The world of zero waste can be a challenging but extremely rewarding lifestyle. Every decision, choice and action you make has a meaning and a responsibility. But it has opened me up to a range of other green lifestyles that I never quite appreciated before, for example, buying seasonal and organic produce, supporting local businesses, and eating plant-based and avoiding animal products. For me, all of these different concepts are important, and I am slowly trying to work them all into my life, in particular, eating plant-based.
Living plant-based and plastic-free can get quite tricky, and one of the most common questions I get is:
"How do you get enough protein?"
In fact my mother checks that I am eating enough every weekend call I get!
Since I am someone who spends every morning before work lifting weights in the gym, my protein intake is also of considerable importance to me too. And although It took me a few months to work out a plan, I now have a list of plastic-free protein sources that are available in Konstanz and probably most cities.
Plastic is all around us. It covers everything we buy, we eat and drink from it, we eat it in general, we wear it, we build with it, we drive with it… we seem never to stop using it. A lot of the plastic in our lifestyles can be cut out by just being vigilant, however it seems that plastic has edged its way into all corners of life, even some we don’t know about. Here are a few common things that may seem “plastic-free”, but are actually laden with plastic, which will often end up in landfill and the oceans.
1. Coffee cups
People always say to me, disposable coffee cups are recyclable! They are made of paper, duh...
Going waste-free is an incredible way to reduce your negative impact on the planet. You are caring for the Earth, for ocean life, and reducing your exposure to harmful toxins. However there are many other ways you can also benefit the environment. One of these is going vegetarian or vegan, and these are things I struggle with immensely.
As a family we have always eaten meat (except on Tuesdays and Thursdays, because yay Indian culture), however two years ago, my twin sister became vegetarian, and regularly cooks vegan dishes (you can check out some of her amazing dishes here). I found this utterly inspiring, and always wished I could do make that change too.
And to be honest, there is nothing really stopping me, just my own desire. Of course it isn’t so easy to cut out something you have always eaten, especially in a world obsessed with meat consumption. What’s more, I love body-building and sports, so I need to eat a lot of protein (I aim for approximately 60g a day), which is not so simple with a vegetarian lifestyle. Finally, since I went plastic-free, finding food I enjoyed eating was already difficult, never mind embracing a whole new diet. Of course, my meat was already reduced since I no longer bought packaged meat in the supermarket, but this still seemed impossible.
However, last week we both went to Philadelphia, where I was introduced to the fantastic meat-substitute: seitan.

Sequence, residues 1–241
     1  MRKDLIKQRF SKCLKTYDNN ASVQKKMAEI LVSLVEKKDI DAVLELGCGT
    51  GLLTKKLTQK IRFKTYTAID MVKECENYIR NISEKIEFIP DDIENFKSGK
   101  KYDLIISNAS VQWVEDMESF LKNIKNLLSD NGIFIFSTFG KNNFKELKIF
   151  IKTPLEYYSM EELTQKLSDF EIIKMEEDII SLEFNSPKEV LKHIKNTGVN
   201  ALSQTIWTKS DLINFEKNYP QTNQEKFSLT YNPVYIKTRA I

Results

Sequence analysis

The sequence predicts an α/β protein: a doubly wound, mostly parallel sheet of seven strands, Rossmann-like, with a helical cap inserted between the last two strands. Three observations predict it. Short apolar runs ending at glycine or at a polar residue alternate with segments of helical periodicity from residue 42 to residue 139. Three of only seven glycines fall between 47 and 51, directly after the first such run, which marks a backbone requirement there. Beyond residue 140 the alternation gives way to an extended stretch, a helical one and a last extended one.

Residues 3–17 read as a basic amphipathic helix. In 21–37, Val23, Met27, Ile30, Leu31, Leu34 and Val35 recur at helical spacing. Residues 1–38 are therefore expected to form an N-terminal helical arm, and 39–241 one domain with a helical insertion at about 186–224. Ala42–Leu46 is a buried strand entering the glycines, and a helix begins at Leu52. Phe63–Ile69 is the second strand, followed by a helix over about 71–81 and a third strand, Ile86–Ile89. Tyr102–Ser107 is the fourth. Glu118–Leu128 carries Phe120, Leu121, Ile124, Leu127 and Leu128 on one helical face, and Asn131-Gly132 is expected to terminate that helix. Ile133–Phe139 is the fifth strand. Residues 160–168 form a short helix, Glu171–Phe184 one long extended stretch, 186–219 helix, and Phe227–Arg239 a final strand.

So finally, I have one part of my life entirely plastic-free, and that is my daily washing routine. Apart from the food and drink I am putting into my body, I think for me, this is probably one of the things I want the most to be plastic-free, since I am putting this stuff on my skin every day.
What’s more, I think having a plastic-free bathroom is one of the easiest things to achieve (even if it took me the better part of a year…). The methods I have switched to are simple, and a lot of the products are readily available from stores around Europe, or online. Though some options can be a bit on the expensive side, I think overall I spend much less now on washing products than I did before.
And, of course, the reduction in plastic-consumption is enormous! Think about all of those plastic bottles you have lined up on your bathroom shelf: shampoos, conditioners, shower gels, razor creams, aftershaves, mouthwash, toothpaste… and often there will be multiple types of each. I came to think, what’s the point? It’s the constant adverts on TV and billboards telling us we need hundreds of different products for our faces, body, feet, hair to be beautiful and attractive, when actually what all I really care about is being healthy and well… clean. So, I decided to stop using plastic in the bathroom, and looked for simple, general-use alternatives.
Before: shower gels
Now: bar soap
Periods, it’s all part of growing up for a girl. Every month it’s the same: stomach cramps, acne, bloating, excessive munchies… all accompanied by the fact that you are bleeding out from between your legs continuously for a week. And the worst thing is that the options for dealing with your period are not very earth-friendly or body-friendly. Both (non-reusable) pads and tampons are one-time-only use, creating a bagful of waste every month. What’s more, both of these can expose women to the risks of thrush infection or of toxic shock syndrome. And sanitary products are not cheap! Tampons are still considered a “non-essential” “luxury item” in the UK, making them subject to VAT. So half of Britain is being taxed for the fact that they are born as a woman… (The sexism never seems to end.)
So I decided to search for a waste-free, non-harmful solution to periods. What I discovered through recommendations of friends was the reusable, silicon menstrual cup. These have actually been around since the sixties but have only recently become on trend, with the first silicon “Mooncup” manufactured in the UK. Since then, there are many brands that have surfaced, all of which have their own perks and styles. From all of these, I decided to use the Ruby Cup (which you can buy here: www.ruby-cup.com).